Wednesday, June 10, 2015

Emotional Support Animal Vests: An Increasing Sight and Comfort to Many

Emotional Support Animal Vests: An Increasing Sight and Comfort to Many
Emotional support animals provide important therapeutic benefits to their owner’s through companionship, emotional support and psychological comfort. Typically an individual will opt for the services of an emotional support animal, or ESA if they need such animals to help with psychiatric disabilities or other mental impairments. In fact, many people who rely on emotional support animals would miss out on many aspects of daily life that others may take for granted. For example, an ESA can help an individual with severe anxiety move through public places by providing emotional reassurance.  
A dog wearing a service dog vest and accompanying its owner in a grocery store is a common sight. However, we’re starting to see other animals serving as emotional support animals—to varying degrees of success.

If It Has an Emotional Support Animal Vest, It’s an ESA—Right?

Non-traditional alternatives to emotional support dogs have raised issues (and eyebrows) wherever they are encountered. Some truly unique, and sometimes surprising, animals have served in emotional support roles, including pigs, rabbits, snakes, and alligators Source: Boston Globe)
The issue is that emotional support animals, while beneficial to those who are comforted by them, are not supported by the Americans with Disabilities Act (ADA). Dogs are often seen in this capacity; however, the presence of these other animals might cause more anxiety and unrest than they intended.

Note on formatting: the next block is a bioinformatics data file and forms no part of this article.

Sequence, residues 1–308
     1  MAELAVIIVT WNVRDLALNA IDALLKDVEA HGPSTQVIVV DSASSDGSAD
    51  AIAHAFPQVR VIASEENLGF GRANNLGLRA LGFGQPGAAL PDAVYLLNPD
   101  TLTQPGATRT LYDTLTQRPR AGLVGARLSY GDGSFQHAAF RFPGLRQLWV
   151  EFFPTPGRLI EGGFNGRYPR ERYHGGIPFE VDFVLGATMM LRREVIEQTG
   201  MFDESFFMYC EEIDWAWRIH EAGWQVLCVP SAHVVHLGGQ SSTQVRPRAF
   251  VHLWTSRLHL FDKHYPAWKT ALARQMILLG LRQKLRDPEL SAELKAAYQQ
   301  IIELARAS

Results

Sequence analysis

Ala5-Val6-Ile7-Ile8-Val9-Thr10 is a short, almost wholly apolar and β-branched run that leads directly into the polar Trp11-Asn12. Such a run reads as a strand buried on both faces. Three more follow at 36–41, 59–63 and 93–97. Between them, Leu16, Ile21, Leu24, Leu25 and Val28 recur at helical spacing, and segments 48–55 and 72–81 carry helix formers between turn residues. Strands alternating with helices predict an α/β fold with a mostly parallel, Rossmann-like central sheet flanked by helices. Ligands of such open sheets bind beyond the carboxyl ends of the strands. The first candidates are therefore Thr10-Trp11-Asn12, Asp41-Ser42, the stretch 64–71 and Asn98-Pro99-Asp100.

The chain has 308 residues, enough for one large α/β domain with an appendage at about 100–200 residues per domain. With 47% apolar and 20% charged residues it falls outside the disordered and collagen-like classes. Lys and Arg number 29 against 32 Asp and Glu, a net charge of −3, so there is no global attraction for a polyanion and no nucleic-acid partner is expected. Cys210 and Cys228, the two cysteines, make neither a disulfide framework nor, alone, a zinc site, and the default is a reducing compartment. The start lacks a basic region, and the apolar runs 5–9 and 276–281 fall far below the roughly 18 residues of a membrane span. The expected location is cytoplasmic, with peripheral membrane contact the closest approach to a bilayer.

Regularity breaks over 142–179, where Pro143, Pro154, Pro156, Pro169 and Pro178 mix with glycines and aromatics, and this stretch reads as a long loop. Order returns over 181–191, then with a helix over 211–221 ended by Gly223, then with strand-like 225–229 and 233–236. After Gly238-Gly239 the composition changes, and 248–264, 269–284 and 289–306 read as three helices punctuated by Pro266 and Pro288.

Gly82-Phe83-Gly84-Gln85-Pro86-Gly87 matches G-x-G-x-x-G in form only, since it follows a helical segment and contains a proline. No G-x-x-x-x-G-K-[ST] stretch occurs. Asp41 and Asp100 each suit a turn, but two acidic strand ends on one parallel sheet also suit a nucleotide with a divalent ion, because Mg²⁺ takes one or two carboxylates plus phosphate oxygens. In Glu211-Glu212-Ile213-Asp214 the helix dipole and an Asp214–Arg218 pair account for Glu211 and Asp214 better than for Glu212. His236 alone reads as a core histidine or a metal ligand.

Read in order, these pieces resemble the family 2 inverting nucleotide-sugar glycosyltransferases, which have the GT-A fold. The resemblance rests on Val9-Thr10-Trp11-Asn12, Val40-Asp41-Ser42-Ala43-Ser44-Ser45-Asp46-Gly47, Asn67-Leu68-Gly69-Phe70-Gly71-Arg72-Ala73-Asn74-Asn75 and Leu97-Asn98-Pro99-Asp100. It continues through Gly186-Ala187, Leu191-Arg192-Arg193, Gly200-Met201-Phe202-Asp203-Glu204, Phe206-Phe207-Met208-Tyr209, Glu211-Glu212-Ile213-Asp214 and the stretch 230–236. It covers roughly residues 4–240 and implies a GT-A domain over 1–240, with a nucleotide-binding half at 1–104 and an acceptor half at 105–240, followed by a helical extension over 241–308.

How Do Emotional Support Animals Help People?

Many often confuse emotional support animal laws with service animal laws. There is a distinct difference between the two. Service dogs, including seeing-eye dogs and dogs that aid with disabilities, are supported by the ADA.
However, emotional support dogs are typically used to ease anxiety and do not assist with disabilities. They let their handlers feel a sense of comfort in public spaces such as stores, restaurants, and even airplanes. But not everyone is a “dog-person,” and so they’ve turned to the aforementioned pigs, rabbits, and reptiles to serve as their emotional support animals.
Unfortunately, when it comes to having animals in public places, not everyone is on the same page. The differences between ESA and service animals and vague ESA laws only complicates things.

Worried? Get an Emotional Support Animal Vest

Emotional support animal vests help avoid confusion and conflict. They allow the general public to accept ESAs of all kinds. So long as your animal is well-behaved and providing support for you, few would object to its presence.

No matter what animal you have, it can provide you with emotional assistance. But without a clear visual indicator such as a vest, you could be in for some anxiety-inducing confrontations. An emotional support animal vest helps you avoid this.

No comments:

Post a Comment